14 Integrl of Continuous Functions 125 Exmple 3.3 Let f(x) = e x for ll x [, b]. Then, f is continuous. Let h n = (b ), x i = + ih n, t i = x i 1, i = 1,..., n. n Then with P n = {x i } n nd T = {t i} n, we hve µ(p n) 0, nd S(P n, f, T n ) = h n e +(i 1)hn = h n e where α n = e hn. Since α n n = e b, we hve α (i 1) n = h n e αn n 1 α n 1, S(P n, f, T n ) = h n e αn n 1 α n 1 = e [e b 1] e hn 1 = [eb e ] e hn 1. Since lim n e hn 1 h n = 1, we hve S(P n, f, T n ) e [e b 1] = e b e. We close this section by test for convergence of series using integrls. Theorem 3.14 (Integrl test) Suppose f(x) is continuous, non-negtive nd decresing function for x [1, ). For ech n N, let n := n 1 f(x)dx. Then h n f(n) converges ( n ) converges. n=1 Proof. First we observe tht n = n 1 f(x) dx = n k k=2 k 1 f(x) dx. Now, since f(x) is decresing function for x [1, ), we hve for ech k N, Hence, for k = 2, 3,..., so tht Thus, Now, let s n := k 1 x k = f(k) f(x) f(k 1). f(k) f(k) k=2 k k=2 f(k) k=2 k 1 k n f(k) for n N. k=1 1 k 1 f(x) dx f(k 1) f(x) dx f(x) dx f(k 1). k=2 f(k 1). k=2 h n Then from the bove inequlities, together with the fct tht (s n ) is monotoniclly incresing sequence, it follows tht ( n ) converges if nd only if (s n ) converges.

15 126 Definite Integrl M.T. Nir 3.6 Men Vlue Theorems Theorem 3.15 (Men-vlue theorem) Suppose f is continuous on [, b]. Then there exists ξ [, b] such tht 1 b f(x) dx = f(ξ). Proof. Since f is continuous, we know tht there exist u, v [, b] such tht f(u) = m := min f(x) nd f(v) = M := mx f(x). Hence, by Theorem 3.2, f(u) 1 b f(x) dx f(v). Hence, by intermedite vlue theorem, there exists ξ [, b] such tht Hence the result. 1 b f(x) dx = f(ξ). Theorem 3.16 (Generlized men-vlue theorem) Suppose f nd g re continuous on [, b] where g(x 0 ) 0 for some x 0 [, b] nd g(x) 0 for ll x [, b]. Then there exists ξ [, b] such tht f(x)g(x) dx = f(ξ) g(x)dx. Proof. Let m := inf f(x) nd M = sup f(x). Then we hve m g(x)dx f(x)g(x) dx M g(x)dx. Since g(x 0 ) 0 for some x 0 [, b] nd g(x) 0 for ll x [, b], it follows (How?) tht g(x)dx > 0. Hence, m f(x)g(x) dx g(x)dx M. Therefore, by the intermedite vlue theorem, there exists ξ [, b] such tht f(ξ) = f(x)g(x) dx g(x)dx. Thus, f(x)g(x) dx = f(ξ) g(x)dx. Exercise 3.7 The conclusion of Theorem 3.16 holds if g(x) 0 is replced by g(x) 0. How?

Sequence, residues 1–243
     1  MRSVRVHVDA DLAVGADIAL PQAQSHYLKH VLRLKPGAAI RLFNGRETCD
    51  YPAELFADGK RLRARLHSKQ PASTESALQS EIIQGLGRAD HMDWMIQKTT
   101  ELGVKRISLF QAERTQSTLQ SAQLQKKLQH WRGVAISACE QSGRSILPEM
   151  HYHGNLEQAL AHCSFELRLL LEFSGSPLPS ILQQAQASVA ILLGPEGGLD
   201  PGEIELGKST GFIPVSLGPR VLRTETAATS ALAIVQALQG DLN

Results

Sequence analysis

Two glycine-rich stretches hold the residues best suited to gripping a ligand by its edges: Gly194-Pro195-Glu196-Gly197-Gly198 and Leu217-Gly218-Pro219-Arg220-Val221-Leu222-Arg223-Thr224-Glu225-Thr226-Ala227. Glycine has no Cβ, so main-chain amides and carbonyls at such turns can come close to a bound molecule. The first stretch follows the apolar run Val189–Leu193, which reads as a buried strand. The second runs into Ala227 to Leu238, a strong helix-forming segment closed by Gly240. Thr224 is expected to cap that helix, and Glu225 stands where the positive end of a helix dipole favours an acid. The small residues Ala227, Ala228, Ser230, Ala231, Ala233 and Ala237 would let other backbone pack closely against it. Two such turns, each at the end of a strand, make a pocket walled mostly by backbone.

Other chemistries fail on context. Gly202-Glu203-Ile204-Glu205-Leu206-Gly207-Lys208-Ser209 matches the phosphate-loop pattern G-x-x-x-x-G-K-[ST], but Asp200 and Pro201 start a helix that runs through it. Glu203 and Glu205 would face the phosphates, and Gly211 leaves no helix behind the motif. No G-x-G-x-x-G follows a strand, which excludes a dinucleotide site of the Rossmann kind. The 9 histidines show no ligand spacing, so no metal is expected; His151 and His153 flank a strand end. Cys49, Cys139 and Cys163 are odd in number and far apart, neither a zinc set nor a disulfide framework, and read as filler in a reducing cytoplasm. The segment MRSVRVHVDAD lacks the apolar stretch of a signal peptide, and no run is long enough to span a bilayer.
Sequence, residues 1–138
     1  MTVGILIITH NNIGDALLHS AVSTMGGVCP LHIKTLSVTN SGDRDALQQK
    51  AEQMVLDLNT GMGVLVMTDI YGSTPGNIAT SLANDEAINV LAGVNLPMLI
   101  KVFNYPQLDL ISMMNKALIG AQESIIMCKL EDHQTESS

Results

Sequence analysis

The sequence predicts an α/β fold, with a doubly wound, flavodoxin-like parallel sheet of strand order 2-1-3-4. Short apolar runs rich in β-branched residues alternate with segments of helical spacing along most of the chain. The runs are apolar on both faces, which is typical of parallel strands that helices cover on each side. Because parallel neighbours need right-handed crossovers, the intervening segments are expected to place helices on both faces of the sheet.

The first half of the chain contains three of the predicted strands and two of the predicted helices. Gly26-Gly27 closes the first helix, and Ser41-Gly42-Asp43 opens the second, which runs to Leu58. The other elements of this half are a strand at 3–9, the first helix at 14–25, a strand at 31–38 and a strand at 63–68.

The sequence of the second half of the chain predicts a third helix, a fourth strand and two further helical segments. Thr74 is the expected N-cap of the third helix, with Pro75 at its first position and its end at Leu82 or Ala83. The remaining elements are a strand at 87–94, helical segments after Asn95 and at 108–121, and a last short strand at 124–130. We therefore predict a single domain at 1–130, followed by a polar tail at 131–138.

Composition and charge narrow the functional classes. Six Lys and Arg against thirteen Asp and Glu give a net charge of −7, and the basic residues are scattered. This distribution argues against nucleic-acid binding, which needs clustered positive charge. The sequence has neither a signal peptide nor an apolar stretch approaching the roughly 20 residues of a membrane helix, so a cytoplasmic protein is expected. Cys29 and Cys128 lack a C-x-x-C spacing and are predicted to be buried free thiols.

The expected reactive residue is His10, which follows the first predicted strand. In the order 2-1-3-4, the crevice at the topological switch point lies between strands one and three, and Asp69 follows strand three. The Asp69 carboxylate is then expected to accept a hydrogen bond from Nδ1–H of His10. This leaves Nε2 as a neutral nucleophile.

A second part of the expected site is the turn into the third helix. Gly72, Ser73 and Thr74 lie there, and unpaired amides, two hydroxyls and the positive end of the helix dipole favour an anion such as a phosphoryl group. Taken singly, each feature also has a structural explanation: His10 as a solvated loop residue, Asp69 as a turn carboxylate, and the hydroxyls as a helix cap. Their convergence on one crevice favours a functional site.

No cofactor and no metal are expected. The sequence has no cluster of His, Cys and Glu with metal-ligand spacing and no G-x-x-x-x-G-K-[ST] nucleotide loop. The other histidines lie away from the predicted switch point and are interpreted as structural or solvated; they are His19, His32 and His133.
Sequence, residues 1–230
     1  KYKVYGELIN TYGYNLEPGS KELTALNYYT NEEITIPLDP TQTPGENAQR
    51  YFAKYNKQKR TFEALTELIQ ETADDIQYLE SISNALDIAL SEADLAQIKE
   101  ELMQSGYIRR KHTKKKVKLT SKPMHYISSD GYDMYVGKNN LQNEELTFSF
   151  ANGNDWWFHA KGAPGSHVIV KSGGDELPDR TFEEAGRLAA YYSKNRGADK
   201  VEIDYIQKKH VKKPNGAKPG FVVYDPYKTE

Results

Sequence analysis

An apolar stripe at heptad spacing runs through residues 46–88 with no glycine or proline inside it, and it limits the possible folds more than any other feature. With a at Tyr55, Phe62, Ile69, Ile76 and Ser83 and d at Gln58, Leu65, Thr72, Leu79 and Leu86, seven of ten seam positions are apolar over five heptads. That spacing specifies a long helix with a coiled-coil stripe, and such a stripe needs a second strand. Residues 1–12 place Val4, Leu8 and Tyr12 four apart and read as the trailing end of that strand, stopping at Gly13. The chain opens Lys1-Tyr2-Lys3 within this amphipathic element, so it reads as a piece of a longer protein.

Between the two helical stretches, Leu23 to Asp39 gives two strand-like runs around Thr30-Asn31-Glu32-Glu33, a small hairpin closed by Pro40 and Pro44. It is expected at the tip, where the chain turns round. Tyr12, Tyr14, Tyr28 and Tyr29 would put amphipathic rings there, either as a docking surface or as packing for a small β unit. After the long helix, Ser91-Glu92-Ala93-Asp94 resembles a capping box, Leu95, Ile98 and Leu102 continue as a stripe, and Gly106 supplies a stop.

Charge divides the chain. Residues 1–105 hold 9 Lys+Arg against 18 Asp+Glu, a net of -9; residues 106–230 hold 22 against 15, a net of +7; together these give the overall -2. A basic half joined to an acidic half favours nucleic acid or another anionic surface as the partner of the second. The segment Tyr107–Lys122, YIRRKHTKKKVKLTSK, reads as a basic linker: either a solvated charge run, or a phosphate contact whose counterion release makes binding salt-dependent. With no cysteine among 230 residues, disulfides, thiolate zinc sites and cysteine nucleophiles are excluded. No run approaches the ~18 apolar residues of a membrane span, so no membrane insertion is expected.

16 Fundmentl Theorems 127 Let us illustrte the bove two men vlue theorems by n exmple. Exmple 3.4 Let f be continuous in [, b] where > 1. We show tht there exist ξ, η [, b] such tht f(x) x ( (b ) 1 dx = f(ξ) + b 1 ) ( η ) f(t)dt. b To see this, first we pply the product rule for integrtion: f(x) [ 1 x dx = x ] b f(t)dt ( 1x 2 ) ( ) f(t)dt dx. Now, by Men Vlue Theorem 3.15, there exists ξ [, b] such tht f(t)dt = (b )f(ξ), ( ) nd by Generlized Men Vlue Theorem 3.16, there exists η [, b] such tht ( 1 x ) ( η ) 1 x 2 f(t)dt dx = f(t)dt x 2 dx. ( 1 1 Hence, from ( ), using the fct tht x 2 dx = 1 ), we get b f(x) x ( (b ) 1 dx = f(ξ) + b 1 ) ( η f(t)dt b In prticulr, if = 1, b = 2, then 2 f(x) 1 x dx = 1 2 f(ξ) + 1 ( η ) f(t)dt. 2 ). 3.7 Fundmentl Theorems The first theorem tht we prove in this section justifies wht we do in school for the clcultion of integrls is correct. Theorem 3.17 (Fundmentl theorem-i) Suppose f is Riemnn integrble on [, b] such tht there exists continuous function g on [, b] which is differentible in (, b) nd g (x) = f(x) for ll x (, b). Then f(t)dt = g(b) g().

17 128 Definite Integrl M.T. Nir Proof. Let P : = x 0 < x 1 <... < x n = b be ny prtition of [, b]. Then by Lgrnge s men vlue theorem, there exists ξ i (x i 1, x i ) such tht Hence, Hence, we hve g(x i ) g(x i 1 ) = g (ξ i )(x i x i 1 ) = f(ξ i )(x i x i 1 ). g(b) g() = [g(x i ) g(x i 1 )] = f(ξ i )(x i x i 1 ). L(P, f) g(b) g() U(P, f) for ll prtition P of [, b]. Since f(x)dx is the unique number which lies between L(P, f) nd U(P, f) for ll prtition P of [, b], we obtin This completes the proof. f(x)dx = g(b) g(). Remrk 3.6 The conclusion of the bove theorem is lso known s Newton- Leibniz formul. The difference g(b) g() is usully written s [g(x)] b. Definition 3.7 A continuous function g on [, b] is clled n nti-derivtive or primitive of f if g is differentible in (, b) nd g (x) = f(x) for ll x (, b). The following exmples hve been worked out by knowing the ntiderivtives of the functions involved. Exmple 3.5 For k 0, Exmple 3.6 For α 0, [ x x k k+1 dx = k + 1 [ e e αx αx dx = α ] b ] b = bk+1 k+1. k + 1 = eαb e α k + 1. Theorem 3.18 (Fundmentl theorem-ii) Suppose f is Riemnn integrble on [, b], nd g(x) = f(t)dt, x [, b]. Then g is continuous on [, b]. If, in ddition, f is continuous on [, b], then g differentible nd g (x) = f(x) x (, b).